Samsung cemented its position as the world's No 1 smartphone vendor in the first quarter, according to fresh data from IDC, and Apple maintained its second-place status. But a couple other names among the top five may surprise you.
DisneyLife, the SVOD service launched last year in several countries outside the U.S., is off the screens of Chinese viewers according to Alibaba, the media company that licensed the service in the country. Ostensibly, DisneyLife was shut down for "service upgrades," but The Wall Street Journal, citing people familiar with the issue, said regulators put a halt to the service.
Huawei posted a 33 percent increase in net profit in 2015 over the previous year thanks to soaring smartphone sales and increasing demand for 4G network gear.
Lenovo said Motorola President Rick Osterloh will leave the company as the Chinese parent company restructures its organization and divides its mobile efforts into two primary business groups.
Sales of the iPhone over the three-month period through January have slowed in urban China to their lowest levels since late 2014, according to new data from Kantar Worldpanel ComTech. Which is more bad news for Apple in a sagging global smartphone market.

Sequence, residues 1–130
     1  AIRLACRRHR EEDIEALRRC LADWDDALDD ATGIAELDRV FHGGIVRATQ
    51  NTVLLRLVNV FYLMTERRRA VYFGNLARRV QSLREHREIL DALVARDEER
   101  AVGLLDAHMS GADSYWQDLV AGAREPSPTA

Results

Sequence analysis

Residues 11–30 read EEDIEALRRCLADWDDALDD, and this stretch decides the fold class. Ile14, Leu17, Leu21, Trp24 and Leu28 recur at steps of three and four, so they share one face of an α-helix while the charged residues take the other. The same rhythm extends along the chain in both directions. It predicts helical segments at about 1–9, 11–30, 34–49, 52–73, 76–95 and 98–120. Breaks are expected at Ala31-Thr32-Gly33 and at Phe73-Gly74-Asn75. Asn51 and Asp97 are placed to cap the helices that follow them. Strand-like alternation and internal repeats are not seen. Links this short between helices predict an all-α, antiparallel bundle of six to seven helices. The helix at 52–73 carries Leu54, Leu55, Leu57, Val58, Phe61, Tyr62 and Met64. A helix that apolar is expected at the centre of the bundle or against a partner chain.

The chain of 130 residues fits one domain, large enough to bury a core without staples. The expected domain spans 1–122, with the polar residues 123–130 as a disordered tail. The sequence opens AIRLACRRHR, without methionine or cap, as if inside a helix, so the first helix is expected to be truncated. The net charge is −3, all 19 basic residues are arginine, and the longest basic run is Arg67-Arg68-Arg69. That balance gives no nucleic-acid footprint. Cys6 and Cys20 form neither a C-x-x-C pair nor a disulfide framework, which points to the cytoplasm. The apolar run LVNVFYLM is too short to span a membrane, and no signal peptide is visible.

As viewers in China prepared to settle back and watch a bilingual live-stream of the 88 th Academy Awards, word spread that iQiyi's stream had been abruptly cancelled.
A new report estimates that despite intensifying competition and the possibility of subscriber saturation, Netflix will have more than 175 million subscribers within four years-- more than double its current worldwide subscribership of 75 million. And the vast majority of that growth will still be in the United States.
Sports network ESPN will have a presence on Chinese online video provider Tencent's platform following a deal between the two companies. Under the agreement, ESPN will create and distribute locally-focused live sports content in China across Tencent's digital platforms.
A little-known MVNO is bringing two Chinese phone manufacturers to the U.S. market. And one of them is a powerhouse.
Xiaomi said it sold "over 70 million" phones in 2015, falling well short of the 100 million founder Lei Jun once predicted.